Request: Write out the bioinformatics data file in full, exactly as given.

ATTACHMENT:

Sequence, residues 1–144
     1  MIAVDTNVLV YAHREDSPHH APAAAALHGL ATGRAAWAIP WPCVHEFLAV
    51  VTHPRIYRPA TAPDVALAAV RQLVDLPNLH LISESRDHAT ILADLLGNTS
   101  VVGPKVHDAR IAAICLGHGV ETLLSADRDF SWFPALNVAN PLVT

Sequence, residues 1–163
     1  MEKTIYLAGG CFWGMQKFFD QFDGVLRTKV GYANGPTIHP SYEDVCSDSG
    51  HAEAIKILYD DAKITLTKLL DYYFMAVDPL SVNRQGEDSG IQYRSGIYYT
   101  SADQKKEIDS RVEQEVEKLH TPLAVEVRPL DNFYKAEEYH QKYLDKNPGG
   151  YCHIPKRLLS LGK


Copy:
Sequence, residues 1–144
     1  MIAVDTNVLV YAHREDSPHH APAAAALHGL ATGRAAWAIP WPCVHEFLAV
    51  VTHPRIYRPA TAPDVALAAV RQLVDLPNLH LISESRDHAT ILADLLGNTS
   101  VVGPKVHDAR IAAICLGHGV ETLLSADRDF SWFPALNVAN PLVT

Sequence, residues 1–163
     1  MEKTIYLAGG CFWGMQKFFD QFDGVLRTKV GYANGPTIHP SYEDVCSDSG
    51  HAEAIKILYD DAKITLTKLL DYYFMAVDPL SVNRQGEDSG IQYRSGIYYT
   101  SADQKKEIDS RVEQEVEKLH TPLAVEVRPL DNFYKAEEYH QKYLDKNPGG
   151  YCHIPKRLLS LGK